What’s there to worry about these days? Well, I suppose there’s the pandemic that’s still doing its level best to take lives, destroy businesses, and send economies tumbling into recession. That’s admittedly a fairly compelling reason to be concerned. By now, our daily lives have changed so immensely that it’s getting hard to remember what things were like before.
If you’re not enduring a lockdown, you’re counting down the days until the next one comes along to send you back into extended solitude. Even if you’ve been lucky enough to keep a job throughout this despair-inducing year, you know how quickly things can change. How are you supposed to be optimistic? How can you do anything other than fear for the future?
This is the kind of thinking that you can fall into with remarkable ease, intensifying your anxiety and leading to redoubled negativity. It’s a vicious circle that can push you beyond the point of burnout, leaving you unable to focus on your daily routine.
But you don’t have to fall down that rabbit hole. You can take action to manage your anxiety and stress, even as circumstances conspire against you — and in this post, we’re going to set out five steps you can take to help yourself. Let’s get to them.
Focus on your sleep quality
When someone suffers from anxiety, it tends to lead to a reduction in the quality of their sleep: they lie awake at night because they can’t stop thinking about all the things they’re worried about. That doesn’t mean you should simply accept it, though — and often, if you don’t take steps to improve your sleep, it’ll get worse and worse until you can barely concentrate.
So how can you boost your chances of sleeping well?
There are plenty of things you can do, thankfully. You can start going to bed earlier, giving yourself plenty of time to fall asleep — that way, you won’t panic when you can’t get to sleep immediately. You can lower the light level in your room by installing blackout curtains and ensuring that all device lights are turned off. You can also try some white noise: having a fan run overnight can help you relax.
Take up some new hobbies
Staying occupied is extremely important for the mind. We’re not great at multitasking, after all, and it’s hard to feel overcome by anxiety when you’re busy thinking about something else.
If you can cultivate some new hobbies to absorb your attention and energy, you can achieve a huge reduction in your baseline stress level, and give yourself an outlet for when things get bad.
The obvious hobby for anyone who owns their home is DIY, which is why it’s become so popular during lockdown times. What do you think you’d enjoy and/or find satisfying? Repainting your walls? Putting up some shelves? Or maybe you’d like to learn how to play a musical instrument, or learn a language.
You have plenty of options, but you need to pick something that you can really get your teeth into. If you choose a hobby that you can’t pursue on a regular basis (like a team sport, for instance), then it won’t be there to pick you up when you need it.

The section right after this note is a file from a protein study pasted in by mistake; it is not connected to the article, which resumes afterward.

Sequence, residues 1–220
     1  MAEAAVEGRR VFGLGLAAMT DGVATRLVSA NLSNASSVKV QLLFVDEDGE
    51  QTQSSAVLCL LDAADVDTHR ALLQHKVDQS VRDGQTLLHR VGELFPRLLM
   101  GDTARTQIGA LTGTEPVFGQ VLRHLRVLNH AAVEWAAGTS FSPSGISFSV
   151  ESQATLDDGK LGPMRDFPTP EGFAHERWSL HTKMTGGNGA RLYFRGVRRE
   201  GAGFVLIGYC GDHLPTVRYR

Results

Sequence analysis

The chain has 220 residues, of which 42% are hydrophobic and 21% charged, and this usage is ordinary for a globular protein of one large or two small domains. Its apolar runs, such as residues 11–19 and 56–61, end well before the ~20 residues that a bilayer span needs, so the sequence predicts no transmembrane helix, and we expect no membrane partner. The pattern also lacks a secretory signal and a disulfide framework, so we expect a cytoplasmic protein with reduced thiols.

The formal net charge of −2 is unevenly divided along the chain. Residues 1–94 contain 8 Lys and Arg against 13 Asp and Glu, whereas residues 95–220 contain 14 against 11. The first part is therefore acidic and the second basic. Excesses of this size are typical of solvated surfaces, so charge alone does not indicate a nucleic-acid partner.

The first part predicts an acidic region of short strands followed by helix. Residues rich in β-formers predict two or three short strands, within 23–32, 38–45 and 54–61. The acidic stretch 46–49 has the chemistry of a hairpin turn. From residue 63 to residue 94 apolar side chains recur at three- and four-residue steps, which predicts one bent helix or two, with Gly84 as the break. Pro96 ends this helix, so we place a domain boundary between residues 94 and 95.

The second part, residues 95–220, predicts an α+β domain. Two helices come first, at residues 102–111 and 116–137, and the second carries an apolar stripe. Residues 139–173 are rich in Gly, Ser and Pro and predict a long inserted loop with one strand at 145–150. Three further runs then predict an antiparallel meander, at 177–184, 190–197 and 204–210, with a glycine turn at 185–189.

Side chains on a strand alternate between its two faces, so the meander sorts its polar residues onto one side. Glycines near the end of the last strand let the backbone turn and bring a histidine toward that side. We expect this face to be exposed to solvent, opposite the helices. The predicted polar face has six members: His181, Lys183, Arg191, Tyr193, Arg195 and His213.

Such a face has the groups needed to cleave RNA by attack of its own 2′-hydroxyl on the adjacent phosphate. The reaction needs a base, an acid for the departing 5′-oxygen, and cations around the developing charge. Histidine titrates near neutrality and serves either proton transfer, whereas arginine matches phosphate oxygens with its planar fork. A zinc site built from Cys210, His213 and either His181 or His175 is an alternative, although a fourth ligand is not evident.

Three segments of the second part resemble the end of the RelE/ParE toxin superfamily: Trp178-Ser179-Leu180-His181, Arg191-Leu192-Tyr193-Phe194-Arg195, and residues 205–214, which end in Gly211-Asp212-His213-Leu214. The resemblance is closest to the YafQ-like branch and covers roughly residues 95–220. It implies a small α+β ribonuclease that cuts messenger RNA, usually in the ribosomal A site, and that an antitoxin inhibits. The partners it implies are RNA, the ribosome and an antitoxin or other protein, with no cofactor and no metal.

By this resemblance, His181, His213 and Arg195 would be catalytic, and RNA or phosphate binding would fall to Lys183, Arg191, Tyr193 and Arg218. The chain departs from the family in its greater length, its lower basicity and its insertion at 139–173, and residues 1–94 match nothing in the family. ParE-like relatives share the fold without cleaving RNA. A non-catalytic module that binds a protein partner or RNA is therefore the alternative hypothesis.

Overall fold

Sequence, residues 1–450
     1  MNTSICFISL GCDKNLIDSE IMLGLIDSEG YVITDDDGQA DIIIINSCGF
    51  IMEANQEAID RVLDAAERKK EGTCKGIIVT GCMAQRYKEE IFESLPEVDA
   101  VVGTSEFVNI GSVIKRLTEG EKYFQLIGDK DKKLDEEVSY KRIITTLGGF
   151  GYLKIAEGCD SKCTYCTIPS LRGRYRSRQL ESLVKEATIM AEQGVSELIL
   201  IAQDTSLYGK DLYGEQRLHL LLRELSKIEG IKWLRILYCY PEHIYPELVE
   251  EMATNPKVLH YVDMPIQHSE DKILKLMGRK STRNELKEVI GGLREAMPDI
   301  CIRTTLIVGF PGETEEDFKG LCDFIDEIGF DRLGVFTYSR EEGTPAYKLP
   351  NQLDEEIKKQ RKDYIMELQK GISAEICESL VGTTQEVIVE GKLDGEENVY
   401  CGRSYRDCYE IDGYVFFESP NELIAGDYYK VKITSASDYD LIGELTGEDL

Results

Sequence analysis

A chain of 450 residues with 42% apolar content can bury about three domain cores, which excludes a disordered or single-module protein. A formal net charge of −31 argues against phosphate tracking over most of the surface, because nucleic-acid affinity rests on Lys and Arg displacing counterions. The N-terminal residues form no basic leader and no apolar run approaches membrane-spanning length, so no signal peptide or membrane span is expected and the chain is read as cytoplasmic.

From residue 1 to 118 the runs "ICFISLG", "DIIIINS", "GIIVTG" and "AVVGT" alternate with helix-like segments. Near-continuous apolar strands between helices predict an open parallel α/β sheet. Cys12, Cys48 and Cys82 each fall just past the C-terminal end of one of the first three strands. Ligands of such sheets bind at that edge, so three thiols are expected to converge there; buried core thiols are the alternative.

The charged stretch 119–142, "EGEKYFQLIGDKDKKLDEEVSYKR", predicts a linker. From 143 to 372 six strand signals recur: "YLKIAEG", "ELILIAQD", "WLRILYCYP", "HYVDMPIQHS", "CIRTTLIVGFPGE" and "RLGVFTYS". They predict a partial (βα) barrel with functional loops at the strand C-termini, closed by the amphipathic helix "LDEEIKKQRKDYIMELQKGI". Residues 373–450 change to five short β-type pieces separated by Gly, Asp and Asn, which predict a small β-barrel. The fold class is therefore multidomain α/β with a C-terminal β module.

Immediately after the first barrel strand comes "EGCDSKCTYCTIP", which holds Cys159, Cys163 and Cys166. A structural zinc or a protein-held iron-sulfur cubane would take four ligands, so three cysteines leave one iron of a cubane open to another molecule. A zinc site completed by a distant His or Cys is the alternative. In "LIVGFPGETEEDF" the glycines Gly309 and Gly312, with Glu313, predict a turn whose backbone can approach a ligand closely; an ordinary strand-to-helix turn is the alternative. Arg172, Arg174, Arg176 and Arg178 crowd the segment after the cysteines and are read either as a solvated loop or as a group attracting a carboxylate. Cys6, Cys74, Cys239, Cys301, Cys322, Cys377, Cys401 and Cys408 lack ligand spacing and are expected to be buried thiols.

Get a light therapy panel
Just as you need to eliminate light at night, you need to maximise it during the day, because it plays a massive role in regulating wakefulness.
Now that the winter is approaching, it’s even more important to use artificial light in the right way — and that’s what light therapy is all about. By getting a simple lighting panel and using it first thing in the morning, you can make it easier to start your day, raise your energy level, and significantly improve your mood.
There are plenty of viable light panels on the market, so you have options, but you should ensure that you get something that outputs 10,000 lux or more. You don’t need to have the panel running all day (and shouldn’t do that since it’ll waste electricity), but if you ever find yourself feeling low during the afternoon, you can power it back on.
Exercise on a regular basis
If you don’t view exercise as a rewarding hobby, you should at least view it as a utility, because it’s a core component of a healthy life — and physical health ultimately has a massive effect on mental health.
Walking is the perfect form of exercise for these times. Wherever you live and whenever you can get out, you can find a reasonable walking route and stretch your legs.
The gentle rhythm of walking will soothe your mind and build up some rewarding physical fatigue without the risks that accompany more high-intensity exercise. Of course, if you want high-intensity exercise then you can certainly add that to your routine. Just pick whichever exercises you prefer and make a commitment to them. It’s so much harder to be anxious when you’re exhausted after an intense workout, and you’ve got all that lovely serotonin coursing through your body.
Come up with viable goals
Are your days bleeding together at this point? That’s to be expected. Without social events and other cultural milestones out there in the world to give us context, every week can start to feel the same, and it makes it hard to be motivated. It also provides the feeling of being stuck in a rut with no way to escape — and we humans need to be able to look ahead.
But you can look ahead, still, regardless of what’s going on in the world and in your life specifically. You can still set goals and pursue them. You just need to be smarter with the goals you choose.
Instead of planning something that you can’t be sure about (like a trip overseas), identify something that you can accomplish from home (like creating a personal website, or cooking a five-layer cake, or sewing a bobble hat) and go after it. Setting small goals and knocking them down will give you the feeling of progress that you so badly need.
You can’t just snap your fingers and stop being stressed during the pandemic era, but there are things you can do to make yourself feel better. Use the suggestions we’ve set out here and you’ll be feeling more optimistic before you know it.